I’ve moved this party over to Tumblr.
A new logo on a uniform doesn’t mean much until you can see it move on the shoulders of a hitter as he gets ready for the pitch, against the backdrop of full stands, infield dirt or outfield grass.
Today, the Astros played their first Spring Training game. Their new logos on new uniforms are electric. I felt giddy to see them in motion after so much idle consideration. They were animated like they were plugged into the wall. The classic nod and the modern touch lived well together in the game’s time unfolding. The orange is so much more distinct than the brick red, and the navy blue is such a stronger foundation for the brightness of that orange.
Whatever happens to this team in 2013, the uniforms are boss.
Chris Carter: smooth swing, confidence in the box. I am excited to see him pepper the Crawfish Boxes.
JD Martinez: he’s documented as choking up on the bat until his hand heals. He also seems to have quieted his pre-swing stance and preparation as well. Given his grimy finish, this is not surprising. I saw him lace a sharp liner up the middle, so I’ll go ahead and predice .290/25/100, just like I did last year.
Lucas Harrell: pitching on the razor’s edge.
It’s good to be back.
One of the sides of that coin is pretty and bright and gets pressed to the lips of the pretty girl. The other side of the coin is the side that stuck it to the sidewalk the first place. The jolt of excitement at seeing the shiny side lasts until you grab it and find the muck on the hidden side.
This morning is the coin-grabbing time.
Watching the final pitches of San Francisco Giants pitcher Matt Cain’s virtuoso performance against the Houston Astros, I felt the youthful, nervous excitement that I felt when I watched Cal Ripken break Lou Gehrig’s record and when I saw Craig Biggio reach and pass 3000 hits. The glare from the shine of the coin blocked out the troublesome shadow for a moment: the Astros got done up in historical fashion.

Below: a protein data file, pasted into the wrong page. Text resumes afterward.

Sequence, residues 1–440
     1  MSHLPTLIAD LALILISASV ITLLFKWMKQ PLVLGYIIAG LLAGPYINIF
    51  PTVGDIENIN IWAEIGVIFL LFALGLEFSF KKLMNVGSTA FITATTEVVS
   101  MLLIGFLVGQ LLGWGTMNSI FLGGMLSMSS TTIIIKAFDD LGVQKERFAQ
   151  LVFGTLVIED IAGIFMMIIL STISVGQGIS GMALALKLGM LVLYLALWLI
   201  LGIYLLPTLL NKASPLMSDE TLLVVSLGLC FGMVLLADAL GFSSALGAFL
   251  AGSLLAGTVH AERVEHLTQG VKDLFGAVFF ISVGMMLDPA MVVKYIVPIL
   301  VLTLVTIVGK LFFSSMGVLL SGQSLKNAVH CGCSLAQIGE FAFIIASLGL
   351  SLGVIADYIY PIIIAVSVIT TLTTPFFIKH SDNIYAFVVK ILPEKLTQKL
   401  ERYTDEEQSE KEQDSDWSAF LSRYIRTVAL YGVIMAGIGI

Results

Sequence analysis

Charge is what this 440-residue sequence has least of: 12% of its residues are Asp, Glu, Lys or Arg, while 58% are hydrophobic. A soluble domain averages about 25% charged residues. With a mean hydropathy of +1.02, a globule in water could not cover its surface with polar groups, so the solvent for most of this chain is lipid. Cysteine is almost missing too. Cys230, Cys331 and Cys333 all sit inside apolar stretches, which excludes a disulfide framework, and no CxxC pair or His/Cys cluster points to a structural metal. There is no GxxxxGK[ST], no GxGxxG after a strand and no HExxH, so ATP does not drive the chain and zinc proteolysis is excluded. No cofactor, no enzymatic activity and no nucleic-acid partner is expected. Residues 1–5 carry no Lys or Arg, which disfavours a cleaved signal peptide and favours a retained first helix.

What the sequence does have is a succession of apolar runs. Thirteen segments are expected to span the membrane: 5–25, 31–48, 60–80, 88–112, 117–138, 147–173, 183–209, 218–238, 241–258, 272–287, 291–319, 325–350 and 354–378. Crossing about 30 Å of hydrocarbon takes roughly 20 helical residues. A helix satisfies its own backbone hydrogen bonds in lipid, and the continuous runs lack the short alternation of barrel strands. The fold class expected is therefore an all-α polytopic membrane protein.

This morning, the drubbing takes on a sadder, more fluorescent gloom for our Houston side. As I said to a co-worker: “it’s weird to root for your own team to lose even bigger.” It’s weird, but not hard. I watched with breathless anticipation, too, in the late hours of a Wednesday night. Gregor Blanco’s miraculous catch meant more to me than Jordan Schafer dropping one it to raise his average to two-thirty-whatever. Baseball is a game of moments, and there’s no shame in enjoying one at the expense of those who, after all, could have changed the outcome by rapping a few hits and allowing fewer runs.
Coins have two sides, but really this game only had one. J.A. Happ stunk it up along with his bullpen mates. They left one show in town: the Matt Cain show. America tuned in.
Every perfect game seems to have that one iconic defensive play to preserve it. A utility man or fourth outfielder extends himself the extra half a foot–driven, it feels like, by the performance on the distant mound–and his name becomes synonymous with the achievement. Welcome to the books, Gregor Blanco.
Watching the post-Houston career of Roy Oswalt unfold is like snooping on an ex-girlfriend on Facebook. It’s not like I CARE what Roy does, but it’s like, really? Texas? I mean that’s cool, we had a great time and he taught me so much about like life and he is on his own journey and I’m happy for him. But Texas is such a gimmie. Texas is the guy with the dimples who drives a Beamer and wears shiny loafers. It’s like oh yeah we’d all love to play for Texas, but some of have to add to the rich texture of life by NOT being the best team in baseball. Life is more interesting when things aren’t so easy.